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Re: Dilophosaurus Forelimb Bone Maladies



> On Mar 2, 2016, at 8:34 PM, Tim Williams <tijawi@gmail.com> wrote:
> 
> Jason <pristichampsus@yahoo.com> wrote:
> 
> 
>> I am very skeptical of statements about limb mobility based largely on
>> joint-focused, bone-to-bone range of motion (ROM) comparisons. As Tsai and
>> Holliday (2014), Hutson & Hutson (2012) and Burch (2014) have indicated,
>> we can tell very little about limb mobility when we don't take into account
>> soft tissues that can both add (via cartilaginous extensions, and muscular
>> action) or subtract (via muscle attachments and cartilaginous padding)
>> from ROM. No such study has been done on _Dilophosaurus_ yet (AFAIK),
>> so I am leery of any absolute statements about forelimb mobility for this 
>> taxon.
> 
> 
> Excellent point, and I understand your leeriness.  Holliday &c have
> observed that certain rather sophisticated functional/biomechanical
> analyses of dinosaurs give little or no attention to cartilage.  So
> 'bone-on-bone' models likely underestimate the range of motion that a
> limb was capable of in life by a substantial margin.
> 
> However, with many theropods the major constraints are the size of the
> forelimb and the lack of prehension in the manus.  No amount of
> cartilage can make a manus opposable (or even semi-opposable) if the
> bones aren't adapted for this…

I understand the leeriness, as well, but even if we were to lay out the 
forelimb elements of, for example, an Allosaurus (supposedly a more “robust” 
forelimb taxon) end to end, they still would not get anywhere near the mouth. 
No amount of cartilage or liberal reconstruction of the ligaments can get the 
hands of the vast majority of theropods into any space that is near the mouth 
or even where the animal can see them. Trying to validate specific functional 
hypotheses without a good soft tissue reconstruction is quite risky, as 
Holliday, Hutson, and Burch have noted. But in this case the proportions are so 
extreme that I propose some options can be excluded.


> 
> 
>> I agree that the jaws would have been the most likely first point of
>> contact with prey (delicacy of crests notwithstanding). However, I don't
>> see how using the forelimbs to aid in prey capture doesn't count as using
>> the forelimbs in predation.
> 
> 
> I didn't mean to imply this; my apologies for not being clearer.
> Certainly, the forelimbs are still used for predation even if they are
> not used for initial prey capture (apprehension), but for securing or
> manipulating prey thereafter.  This is still 'predation’.

He may be responding to me on that one, because I *did* mean to imply that the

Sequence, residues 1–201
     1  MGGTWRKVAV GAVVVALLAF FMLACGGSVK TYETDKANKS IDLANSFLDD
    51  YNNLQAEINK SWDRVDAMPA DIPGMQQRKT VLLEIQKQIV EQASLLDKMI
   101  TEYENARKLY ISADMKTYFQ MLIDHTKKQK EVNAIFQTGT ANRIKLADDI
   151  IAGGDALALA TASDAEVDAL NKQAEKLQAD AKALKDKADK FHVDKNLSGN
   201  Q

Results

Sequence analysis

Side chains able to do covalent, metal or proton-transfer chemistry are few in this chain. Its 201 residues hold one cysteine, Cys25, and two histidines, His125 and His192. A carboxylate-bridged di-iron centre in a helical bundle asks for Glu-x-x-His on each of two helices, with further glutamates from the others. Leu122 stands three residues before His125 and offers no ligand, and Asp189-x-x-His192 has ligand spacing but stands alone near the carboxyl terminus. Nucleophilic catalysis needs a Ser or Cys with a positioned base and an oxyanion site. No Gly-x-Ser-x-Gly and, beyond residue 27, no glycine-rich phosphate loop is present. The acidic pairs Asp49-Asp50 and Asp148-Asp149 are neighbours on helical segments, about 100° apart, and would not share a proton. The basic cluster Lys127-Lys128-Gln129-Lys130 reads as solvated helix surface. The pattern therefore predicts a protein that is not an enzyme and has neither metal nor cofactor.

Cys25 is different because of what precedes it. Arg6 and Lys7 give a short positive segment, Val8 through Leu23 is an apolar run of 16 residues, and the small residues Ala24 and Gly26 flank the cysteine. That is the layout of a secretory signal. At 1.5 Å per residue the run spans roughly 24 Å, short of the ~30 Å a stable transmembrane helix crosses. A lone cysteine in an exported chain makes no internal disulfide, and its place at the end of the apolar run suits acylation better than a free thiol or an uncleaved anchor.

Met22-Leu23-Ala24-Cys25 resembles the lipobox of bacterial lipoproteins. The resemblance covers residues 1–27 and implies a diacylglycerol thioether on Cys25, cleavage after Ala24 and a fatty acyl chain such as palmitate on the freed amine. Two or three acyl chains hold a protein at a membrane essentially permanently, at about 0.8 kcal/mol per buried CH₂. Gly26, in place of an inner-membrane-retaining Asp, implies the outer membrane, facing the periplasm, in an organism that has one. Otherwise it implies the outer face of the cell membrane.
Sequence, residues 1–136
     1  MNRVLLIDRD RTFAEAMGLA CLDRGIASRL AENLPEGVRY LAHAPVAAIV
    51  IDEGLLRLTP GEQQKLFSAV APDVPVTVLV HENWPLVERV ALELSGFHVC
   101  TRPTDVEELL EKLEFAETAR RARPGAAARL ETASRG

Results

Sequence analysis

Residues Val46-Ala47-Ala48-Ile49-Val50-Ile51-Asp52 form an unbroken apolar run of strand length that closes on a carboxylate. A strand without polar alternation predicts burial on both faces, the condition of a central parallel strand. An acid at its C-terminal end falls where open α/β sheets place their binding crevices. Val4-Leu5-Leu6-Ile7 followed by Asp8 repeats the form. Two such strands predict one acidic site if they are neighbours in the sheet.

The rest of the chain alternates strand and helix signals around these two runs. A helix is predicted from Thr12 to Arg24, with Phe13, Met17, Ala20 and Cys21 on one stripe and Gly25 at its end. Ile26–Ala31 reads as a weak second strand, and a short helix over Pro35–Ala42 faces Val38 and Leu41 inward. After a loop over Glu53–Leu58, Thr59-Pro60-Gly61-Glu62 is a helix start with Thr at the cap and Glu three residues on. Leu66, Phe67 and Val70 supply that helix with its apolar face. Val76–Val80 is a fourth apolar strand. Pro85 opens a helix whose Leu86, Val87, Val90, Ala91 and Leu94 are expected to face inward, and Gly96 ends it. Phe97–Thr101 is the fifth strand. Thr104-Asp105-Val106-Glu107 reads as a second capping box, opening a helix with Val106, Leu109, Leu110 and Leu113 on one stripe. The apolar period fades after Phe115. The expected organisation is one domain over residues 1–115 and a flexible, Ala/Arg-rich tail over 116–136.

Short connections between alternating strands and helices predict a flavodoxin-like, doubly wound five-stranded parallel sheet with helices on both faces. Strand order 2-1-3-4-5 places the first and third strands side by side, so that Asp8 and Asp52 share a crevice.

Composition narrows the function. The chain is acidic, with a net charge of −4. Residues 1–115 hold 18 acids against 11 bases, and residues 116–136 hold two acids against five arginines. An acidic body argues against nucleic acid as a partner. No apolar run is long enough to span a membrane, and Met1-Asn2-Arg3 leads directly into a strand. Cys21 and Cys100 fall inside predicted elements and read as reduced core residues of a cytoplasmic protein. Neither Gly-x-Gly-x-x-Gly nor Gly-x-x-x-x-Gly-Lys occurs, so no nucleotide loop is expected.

forelimbs of most theropods would not be used even as an aid in prey capture. 
Without really impressive gymnastics or incredibly perfectly positioned large 
prey, most theropods couldn’t use the forelimbs to engage something they were 
biting. And if we dial back the classic “theropod death match” model of 
predation (i.e. attacking things larger than themselves, of which we should 
probably be extremely skeptical), then the mouth basically has to miss before 
the forelimbs could get anywhere useful (at which point the predator is ramming 
prey it can’t see with its chest and flailing at it with forelimbs that 
probably have limited prehension). 


> 
> My point was that the forelimbs of many theropods were really only
> useful for engaging large prey - such as those theropods that had
> extremely robust forelimbs that could be used to grapple with large
> prey that the predator already held in close contact.  For theropods
> that targeted small prey (and I'd provisionally place _Dilophosaurus_
> in this category), the forelimbs would have been of limited use.  Here
> the major issue was the size of the forelimbs -  for many theropods
> (both ceratosaurs and tetanurans).

And I would go further to say that engaging large prey is something that only 
very few, if any, theropods probably did with any regularity. The classic image 
of a theropod grappling with a dangerous prey animal needs serious overhauling. 
Predators overwhelmingly eat juveniles, and only specialist cases hunt things 
even their own size. Given that the Mesozoic must have been basically full of 
small juveniles, I don’t see any reason to posit that theropods regularly 
hunted adult or large prey. Hone and Rauhut (2009) cover this well: 
https://urldefense.proofpoint.com/v2/url?u=http-3A__www.davehone.co.uk_wp-2Dcontent_uploads_2014_01_Hone-2DRauhut-2D2010-2Dtheropod-2Dfeeding.pdf&d=CwIFaQ&c=clK7kQUTWtAVEOVIgvi0NU5BOUHhpN0H8p7CSfnc_gI&r=x82f3Wlkwtmbr1z8IAt9jA&m=HFKJl7klV2LygzqgfNcpuVIsOJDYQlR6VR1nAJbA5dc&s=J78j149c_LcgLAmrqfKRiaXQ4XXNY9YVfV_W_VHYJdw&e=
 


> Jason <pristichampsus@yahoo.com> wrote:
> 
>> Also, why limit carcass holding and tearing to just scavenging? Holding
>> and tearing a carcass would be a useful skill for both a scavenger and an
>> active hunter. 

This strikes me as much more reasonable, but even in this scenario, I wonder if 
the forelimbs are long enough in most taxa. I actually checked the best LACM 
Allosaurus this morning, and even just laying out the forelimb bones end to end 
(completely dislocating everything), they don’t even reach the back of the 
skull. If you place the head in a flexed position (munching on a carcass), the 
hands just can’t get very close to where the animal is pulling.


Cheers,

—MBH


Michael Habib, MS, PhD
Assistant Professor, Cell and Neurobiology
Keck School of Medicine of USC
University of Southern California
Bishop Research Building; Room 403
1333 San Pablo Street, Los Angeles 90089-9112

Research Associate, Dinosaur Institute
Natural History Museum of Los Angeles County
900 Exposition Blvd, Los Angeles, CA 90007

biologyinmotion@gmail.com
(443) 280-0181



> .